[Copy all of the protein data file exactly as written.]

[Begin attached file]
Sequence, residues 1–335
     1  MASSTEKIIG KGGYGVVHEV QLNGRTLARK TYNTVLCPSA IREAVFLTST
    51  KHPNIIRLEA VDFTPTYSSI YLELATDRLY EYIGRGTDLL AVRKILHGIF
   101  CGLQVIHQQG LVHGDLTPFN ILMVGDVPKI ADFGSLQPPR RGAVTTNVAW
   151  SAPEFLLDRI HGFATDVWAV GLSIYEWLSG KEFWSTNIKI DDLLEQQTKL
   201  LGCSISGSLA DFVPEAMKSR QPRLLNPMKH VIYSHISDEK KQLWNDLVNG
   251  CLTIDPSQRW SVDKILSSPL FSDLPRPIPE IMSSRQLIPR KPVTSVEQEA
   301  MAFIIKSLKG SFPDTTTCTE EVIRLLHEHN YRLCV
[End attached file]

Sequence, residues 1–335
     1  MASSTEKIIG KGGYGVVHEV QLNGRTLARK TYNTVLCPSA IREAVFLTST
    51  KHPNIIRLEA VDFTPTYSSI YLELATDRLY EYIGRGTDLL AVRKILHGIF
   101  CGLQVIHQQG LVHGDLTPFN ILMVGDVPKI ADFGSLQPPR RGAVTTNVAW
   151  SAPEFLLDRI HGFATDVWAV GLSIYEWLSG KEFWSTNIKI DDLLEQQTKL
   201  LGCSISGSLA DFVPEAMKSR QPRLLNPMKH VIYSHISDEK KQLWNDLVNG
   251  CLTIDPSQRW SVDKILSSPL FSDLPRPIPE IMSSRQLIPR KPVTSVEQEA
   301  MAFIIKSLKG SFPDTTTCTE EVIRLLHEHN YRLCV